The first four in Table A—the three Hesperia skippers plus Hobomok--- have probably declined since Scudder and are continuing to decline today, according to BOM-MBC records per trip and list-length analysis (Breed et al. 2012).  Crossline Skipper may have increased since Scudder, but may now be decreasing, while  Dusted Skipper has apparently been increasing through both periods.

                                                           Table A: Six Dry Meadow Grass Skippers: Hosts and Abundance


Main host grass in Massachusetts

Abundance in 1880’s (Scudder)

Probable change since

Number of broods

Southern seaboard range?*

Pop. Change 1992-2010, Breed et al.2012


H. leonardus

probably Panicums, possibly Little Bluestem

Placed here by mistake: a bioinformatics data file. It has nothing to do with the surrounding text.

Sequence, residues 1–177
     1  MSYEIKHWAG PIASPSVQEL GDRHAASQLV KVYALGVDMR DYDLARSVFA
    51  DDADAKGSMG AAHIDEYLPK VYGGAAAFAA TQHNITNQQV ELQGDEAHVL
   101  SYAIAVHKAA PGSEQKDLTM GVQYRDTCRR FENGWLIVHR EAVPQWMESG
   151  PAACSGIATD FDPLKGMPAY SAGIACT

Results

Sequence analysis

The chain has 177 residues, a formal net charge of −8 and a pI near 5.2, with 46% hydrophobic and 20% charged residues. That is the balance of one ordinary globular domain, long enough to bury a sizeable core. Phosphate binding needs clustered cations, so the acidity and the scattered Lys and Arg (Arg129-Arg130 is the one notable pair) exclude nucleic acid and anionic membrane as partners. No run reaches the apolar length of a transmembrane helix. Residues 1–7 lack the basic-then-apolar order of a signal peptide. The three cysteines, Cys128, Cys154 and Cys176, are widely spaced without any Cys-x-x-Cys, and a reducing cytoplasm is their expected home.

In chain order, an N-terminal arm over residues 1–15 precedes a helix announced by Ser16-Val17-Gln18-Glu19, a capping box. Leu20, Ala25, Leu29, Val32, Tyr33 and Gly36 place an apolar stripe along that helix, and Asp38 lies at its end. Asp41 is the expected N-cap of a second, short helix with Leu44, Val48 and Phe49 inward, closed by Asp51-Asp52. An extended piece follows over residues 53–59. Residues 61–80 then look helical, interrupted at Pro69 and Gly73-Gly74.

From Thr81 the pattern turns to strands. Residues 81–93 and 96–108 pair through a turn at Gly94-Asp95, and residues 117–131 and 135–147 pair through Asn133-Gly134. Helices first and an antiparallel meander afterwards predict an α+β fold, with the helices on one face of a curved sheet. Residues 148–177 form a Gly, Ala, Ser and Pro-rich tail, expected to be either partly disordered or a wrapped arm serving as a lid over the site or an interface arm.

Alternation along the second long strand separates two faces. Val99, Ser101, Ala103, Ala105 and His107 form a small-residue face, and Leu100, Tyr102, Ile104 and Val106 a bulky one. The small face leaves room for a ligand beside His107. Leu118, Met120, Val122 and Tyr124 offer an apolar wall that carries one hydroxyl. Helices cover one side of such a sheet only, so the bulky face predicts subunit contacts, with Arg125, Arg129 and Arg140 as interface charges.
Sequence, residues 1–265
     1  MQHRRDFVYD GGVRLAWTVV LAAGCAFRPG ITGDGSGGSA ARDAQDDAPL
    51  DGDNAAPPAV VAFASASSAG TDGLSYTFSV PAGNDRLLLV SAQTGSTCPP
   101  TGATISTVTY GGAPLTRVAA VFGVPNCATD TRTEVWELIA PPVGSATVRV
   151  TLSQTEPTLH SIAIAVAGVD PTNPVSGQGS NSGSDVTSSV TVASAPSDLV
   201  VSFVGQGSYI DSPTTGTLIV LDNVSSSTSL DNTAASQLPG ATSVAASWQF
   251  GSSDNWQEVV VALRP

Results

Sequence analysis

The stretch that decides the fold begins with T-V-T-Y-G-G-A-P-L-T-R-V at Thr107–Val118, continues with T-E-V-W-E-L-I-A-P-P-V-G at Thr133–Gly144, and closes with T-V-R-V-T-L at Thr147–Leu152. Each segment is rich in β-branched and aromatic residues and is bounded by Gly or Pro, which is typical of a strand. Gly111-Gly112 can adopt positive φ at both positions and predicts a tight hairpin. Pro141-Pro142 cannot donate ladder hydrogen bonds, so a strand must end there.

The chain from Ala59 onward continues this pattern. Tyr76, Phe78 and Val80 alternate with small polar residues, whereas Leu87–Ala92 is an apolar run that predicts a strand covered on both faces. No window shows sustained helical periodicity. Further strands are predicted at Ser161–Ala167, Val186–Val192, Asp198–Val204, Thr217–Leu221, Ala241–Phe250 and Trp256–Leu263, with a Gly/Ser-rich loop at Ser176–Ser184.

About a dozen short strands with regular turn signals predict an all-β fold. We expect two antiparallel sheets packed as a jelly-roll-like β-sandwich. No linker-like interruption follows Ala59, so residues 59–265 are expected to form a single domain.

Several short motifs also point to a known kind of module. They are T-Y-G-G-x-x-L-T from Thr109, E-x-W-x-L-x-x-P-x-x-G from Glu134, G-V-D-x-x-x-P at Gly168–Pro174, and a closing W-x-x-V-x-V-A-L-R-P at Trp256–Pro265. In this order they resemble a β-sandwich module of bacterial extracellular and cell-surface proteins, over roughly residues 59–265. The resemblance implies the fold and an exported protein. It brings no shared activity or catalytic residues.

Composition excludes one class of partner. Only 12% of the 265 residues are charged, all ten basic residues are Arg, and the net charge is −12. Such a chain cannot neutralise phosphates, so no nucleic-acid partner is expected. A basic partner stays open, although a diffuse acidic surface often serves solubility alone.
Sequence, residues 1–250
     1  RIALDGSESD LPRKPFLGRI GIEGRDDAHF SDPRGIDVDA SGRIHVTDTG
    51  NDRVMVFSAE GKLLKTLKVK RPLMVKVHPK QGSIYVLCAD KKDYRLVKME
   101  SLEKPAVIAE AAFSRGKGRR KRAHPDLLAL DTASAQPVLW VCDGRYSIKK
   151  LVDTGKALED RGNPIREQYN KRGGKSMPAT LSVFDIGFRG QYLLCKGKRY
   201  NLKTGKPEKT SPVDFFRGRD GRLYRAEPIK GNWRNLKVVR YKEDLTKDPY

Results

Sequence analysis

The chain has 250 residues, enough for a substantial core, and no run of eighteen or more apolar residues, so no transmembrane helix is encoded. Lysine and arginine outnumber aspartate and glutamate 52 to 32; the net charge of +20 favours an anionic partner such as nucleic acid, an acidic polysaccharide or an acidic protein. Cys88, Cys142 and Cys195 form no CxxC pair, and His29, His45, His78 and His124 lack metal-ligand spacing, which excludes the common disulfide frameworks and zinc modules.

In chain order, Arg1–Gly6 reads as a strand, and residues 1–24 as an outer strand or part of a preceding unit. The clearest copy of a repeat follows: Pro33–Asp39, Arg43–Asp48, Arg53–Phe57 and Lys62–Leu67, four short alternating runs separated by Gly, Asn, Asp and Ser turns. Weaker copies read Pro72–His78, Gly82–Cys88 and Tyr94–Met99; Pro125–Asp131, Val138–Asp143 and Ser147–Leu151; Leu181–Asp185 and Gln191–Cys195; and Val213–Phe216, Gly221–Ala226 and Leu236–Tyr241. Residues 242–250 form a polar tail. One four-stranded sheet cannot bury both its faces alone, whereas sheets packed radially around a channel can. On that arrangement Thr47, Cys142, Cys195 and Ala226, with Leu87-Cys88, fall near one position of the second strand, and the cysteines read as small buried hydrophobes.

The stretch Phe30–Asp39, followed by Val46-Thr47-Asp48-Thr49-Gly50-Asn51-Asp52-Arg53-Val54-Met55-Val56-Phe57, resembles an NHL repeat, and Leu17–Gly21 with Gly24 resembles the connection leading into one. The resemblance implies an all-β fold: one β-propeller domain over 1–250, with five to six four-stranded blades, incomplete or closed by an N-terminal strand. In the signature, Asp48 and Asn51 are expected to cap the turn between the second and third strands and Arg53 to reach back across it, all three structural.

“considerable south of Boston; variable elsewhere"





- 79.4%


H. metea

Little Bluestem

“never abundant”



no; mountains & piedmont

- 67.1%


H. sassacus

Little Bluestem, Panicum, Festuca

very common




- 32.3%


P.  hobomok

Little Bluestem, Panicum





- 33.0%


P. origenes

Little Bluestem; Tridens flavus

apparently not common

possibly  more common



- 48.1%


A. hianna

Little Bluestem

“known from a few sites”


1; ssp in FL has 2


+ 50.2%

                                                                      *range information from Opler et al 2010 “Butterflies and Moths of North America”


 Host Plants and Habitat